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Kaden and Kaysen


Kaden, baby with anencephaly

It was a cool day in the middle of February... We were going to our first ultrasound after dropping our two boys off with my mom.

As we were getting our ultrasound, the student sonographer said to us, "are you having twins?" We kind of hesitantly laughed and I said, "I don't know, this is our first ultrasound." She replied, "I see 4 feet in there and two sacs." Marcus and I just looked at each other and couldn't believe it. I was in tears about a minute afterwards. We already had two kids under age two, how was I going to handle two more at the same time? I was going to have to get a bigger house, a bigger car and probably be a stay-at-home mom for years. I was overwhelmed. Little did I know I was going to be hit with some major, life changing news shortly after.

My ultrasound started to take very long. The head sonographer came in and I said, "she thinks there's twins in there" and she said "oh, there is!" I just sat there in shock. They started talking to each other using medical terminology and said to me "just ignore us, this is technical talk." I didn't think anything of it. This should've been my hint that there was something wrong but I never imagined it would be us. We had two healthy, full term pregnancies prior to this. As they sat there examining the babies, I overheard "well, she's seeing Dr. Chaffin anyways." He is the high risk doctor and I was referred to him due to my blood clotting disorder.

He came in the room and introduced himself. He took over the sonographer's place and started to look at the babies. He said we were having twin boys and that they are identical. I asked him how he knew that and he said because they shared a placenta. How neat! The room started to get very quiet though and things became awkward. I said, "is there something wrong?" He said, "yes, very wrong." I was still trying to stop myself from crying from finding out there was two in there, I can't begin to tell you how much of a wreck I was after hearing this news. He somehow split the ultrasound on tv into two pictures and told me to look. He asked if I could see the difference. I said, "I don't know what that is but one looks put together and the other looks scattered out." I never imagined that was my baby boys brains that he was comparing on the screen. He said "that's because one is put together. Your other baby is missing his skull, the medical term is called anencephaly. He only has a brain stem. If your anencephalic baby passes away in the womb, his twin has a 30 percent chance of having a stroke." I had to have him repeat himself twice and by the time we made it to the car, I had already forgotten the term again because my heart was going 1000 mph. He then proceeded to inform me that we were immediately being referred to Cincinnati the following week and that my baby had a zero percent chance of survival.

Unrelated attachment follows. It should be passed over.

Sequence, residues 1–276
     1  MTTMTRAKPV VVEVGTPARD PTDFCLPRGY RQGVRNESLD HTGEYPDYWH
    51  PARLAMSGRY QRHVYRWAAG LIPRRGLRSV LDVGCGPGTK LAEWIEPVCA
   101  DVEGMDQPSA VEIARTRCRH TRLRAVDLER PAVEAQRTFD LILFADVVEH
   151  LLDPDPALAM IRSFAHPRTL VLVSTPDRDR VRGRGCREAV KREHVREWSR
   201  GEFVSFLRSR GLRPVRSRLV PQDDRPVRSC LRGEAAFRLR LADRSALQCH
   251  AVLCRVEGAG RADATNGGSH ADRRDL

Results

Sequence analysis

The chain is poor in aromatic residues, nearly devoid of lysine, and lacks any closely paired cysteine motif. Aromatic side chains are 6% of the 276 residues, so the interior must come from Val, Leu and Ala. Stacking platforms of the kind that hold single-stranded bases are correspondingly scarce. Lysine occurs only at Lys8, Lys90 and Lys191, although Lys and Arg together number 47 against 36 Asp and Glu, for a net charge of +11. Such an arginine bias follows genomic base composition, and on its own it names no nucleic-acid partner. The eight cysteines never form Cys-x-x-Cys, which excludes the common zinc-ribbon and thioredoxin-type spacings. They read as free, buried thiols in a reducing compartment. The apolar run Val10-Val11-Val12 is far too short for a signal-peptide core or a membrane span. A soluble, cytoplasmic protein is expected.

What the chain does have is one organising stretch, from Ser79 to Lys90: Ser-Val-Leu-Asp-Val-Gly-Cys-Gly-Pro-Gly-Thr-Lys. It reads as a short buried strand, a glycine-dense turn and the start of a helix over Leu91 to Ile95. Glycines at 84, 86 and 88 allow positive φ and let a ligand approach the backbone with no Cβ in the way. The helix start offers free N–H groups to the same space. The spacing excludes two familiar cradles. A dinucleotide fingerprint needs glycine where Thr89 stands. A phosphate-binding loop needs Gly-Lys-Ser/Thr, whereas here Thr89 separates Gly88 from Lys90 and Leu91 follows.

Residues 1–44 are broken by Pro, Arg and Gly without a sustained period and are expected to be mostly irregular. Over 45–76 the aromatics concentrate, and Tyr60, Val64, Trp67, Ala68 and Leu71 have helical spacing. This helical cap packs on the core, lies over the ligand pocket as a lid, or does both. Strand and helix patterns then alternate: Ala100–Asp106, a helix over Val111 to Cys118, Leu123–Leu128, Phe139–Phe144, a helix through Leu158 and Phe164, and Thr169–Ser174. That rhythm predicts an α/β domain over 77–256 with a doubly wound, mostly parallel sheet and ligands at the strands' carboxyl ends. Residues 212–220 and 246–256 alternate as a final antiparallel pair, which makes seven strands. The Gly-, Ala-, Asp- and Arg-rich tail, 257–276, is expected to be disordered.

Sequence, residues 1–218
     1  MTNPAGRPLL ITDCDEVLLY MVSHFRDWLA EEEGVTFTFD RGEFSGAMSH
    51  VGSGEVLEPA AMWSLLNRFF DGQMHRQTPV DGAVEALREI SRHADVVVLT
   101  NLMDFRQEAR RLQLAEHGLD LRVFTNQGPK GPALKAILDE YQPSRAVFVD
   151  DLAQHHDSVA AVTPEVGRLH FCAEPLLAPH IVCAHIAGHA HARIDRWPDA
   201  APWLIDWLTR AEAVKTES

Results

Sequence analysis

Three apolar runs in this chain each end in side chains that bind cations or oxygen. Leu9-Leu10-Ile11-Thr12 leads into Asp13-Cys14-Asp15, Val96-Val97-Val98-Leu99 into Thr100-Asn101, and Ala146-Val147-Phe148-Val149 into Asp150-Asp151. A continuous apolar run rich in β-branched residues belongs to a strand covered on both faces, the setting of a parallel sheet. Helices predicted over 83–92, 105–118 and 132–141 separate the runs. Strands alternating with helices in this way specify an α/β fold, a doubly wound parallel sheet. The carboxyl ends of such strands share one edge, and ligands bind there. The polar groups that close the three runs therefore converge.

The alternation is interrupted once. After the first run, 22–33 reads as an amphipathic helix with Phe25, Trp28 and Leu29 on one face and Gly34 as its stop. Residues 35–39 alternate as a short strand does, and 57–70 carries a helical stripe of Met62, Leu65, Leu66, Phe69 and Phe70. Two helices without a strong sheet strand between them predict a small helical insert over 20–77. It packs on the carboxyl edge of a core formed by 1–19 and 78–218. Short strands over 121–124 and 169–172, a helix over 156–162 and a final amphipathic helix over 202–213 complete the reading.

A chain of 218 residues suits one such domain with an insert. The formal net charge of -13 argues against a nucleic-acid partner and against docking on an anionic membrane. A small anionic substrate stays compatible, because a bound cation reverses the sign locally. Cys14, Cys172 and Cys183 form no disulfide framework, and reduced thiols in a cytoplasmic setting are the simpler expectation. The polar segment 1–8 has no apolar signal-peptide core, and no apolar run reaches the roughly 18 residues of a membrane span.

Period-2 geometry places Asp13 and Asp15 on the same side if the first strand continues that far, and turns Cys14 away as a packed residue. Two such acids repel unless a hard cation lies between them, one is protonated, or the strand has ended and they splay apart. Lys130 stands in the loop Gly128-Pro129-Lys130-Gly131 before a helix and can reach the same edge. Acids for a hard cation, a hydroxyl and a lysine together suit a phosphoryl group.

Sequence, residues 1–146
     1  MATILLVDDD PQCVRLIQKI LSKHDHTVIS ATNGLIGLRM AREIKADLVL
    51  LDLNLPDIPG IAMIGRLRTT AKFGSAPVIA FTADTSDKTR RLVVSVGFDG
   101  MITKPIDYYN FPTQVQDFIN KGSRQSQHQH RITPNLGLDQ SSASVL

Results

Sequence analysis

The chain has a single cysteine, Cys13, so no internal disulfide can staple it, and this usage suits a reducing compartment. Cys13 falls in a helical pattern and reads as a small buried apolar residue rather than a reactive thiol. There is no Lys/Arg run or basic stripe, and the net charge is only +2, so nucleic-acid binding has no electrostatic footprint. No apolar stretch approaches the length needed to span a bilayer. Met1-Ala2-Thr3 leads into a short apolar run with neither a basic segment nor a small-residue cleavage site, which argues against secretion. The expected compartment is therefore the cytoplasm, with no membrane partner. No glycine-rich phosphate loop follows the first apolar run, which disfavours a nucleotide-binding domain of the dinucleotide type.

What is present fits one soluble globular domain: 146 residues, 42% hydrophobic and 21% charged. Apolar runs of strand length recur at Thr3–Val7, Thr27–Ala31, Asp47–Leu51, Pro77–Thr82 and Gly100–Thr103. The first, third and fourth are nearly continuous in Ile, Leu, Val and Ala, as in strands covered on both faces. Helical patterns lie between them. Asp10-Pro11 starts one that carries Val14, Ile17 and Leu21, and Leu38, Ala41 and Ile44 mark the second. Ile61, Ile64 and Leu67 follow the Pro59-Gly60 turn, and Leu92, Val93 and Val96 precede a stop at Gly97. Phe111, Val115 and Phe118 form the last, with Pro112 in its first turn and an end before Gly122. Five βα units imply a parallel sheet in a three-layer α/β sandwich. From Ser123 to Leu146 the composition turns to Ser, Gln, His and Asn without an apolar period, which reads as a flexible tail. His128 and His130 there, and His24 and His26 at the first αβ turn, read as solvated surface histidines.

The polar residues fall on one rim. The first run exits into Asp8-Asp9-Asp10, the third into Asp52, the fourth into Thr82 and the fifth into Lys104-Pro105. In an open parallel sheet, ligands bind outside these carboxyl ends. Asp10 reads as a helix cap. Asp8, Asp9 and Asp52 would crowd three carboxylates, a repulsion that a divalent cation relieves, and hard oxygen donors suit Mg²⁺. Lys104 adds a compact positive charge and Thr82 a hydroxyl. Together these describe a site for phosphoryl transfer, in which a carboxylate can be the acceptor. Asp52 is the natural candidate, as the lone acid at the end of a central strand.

Soon after, my heart quickly began to shatter in front of my eyes and tears flooded my cheeks. Of course I was completely uneducated on my son's condition because I had never heard of it, let alone researched it. I wondered how Kaden was kicking on the ultrasound and had a heart rate but wasn't going to survive. I later found out that babies born with anencephaly are in fact "incompatible with life" and are born blind, deaf and unconscious.

Coming to terms with this was devastating, gut wrenching and just absolutely heart breaking. There truly wasn't and still aren't any words.

Our ultrasound lasted over two hours that day. We left the appointment in complete silence. Once we made it to the car, Marcus put his hands on the steering wheel and his head down. We both had a complete meltdown and just kept asking why this was our reality. We hadn't told our families about our pregnancy and now we had no choice because of the outcome and having to travel to Cincinnati. We felt just about every emotion that day and it still makes our voices crack to speak about it sometimes.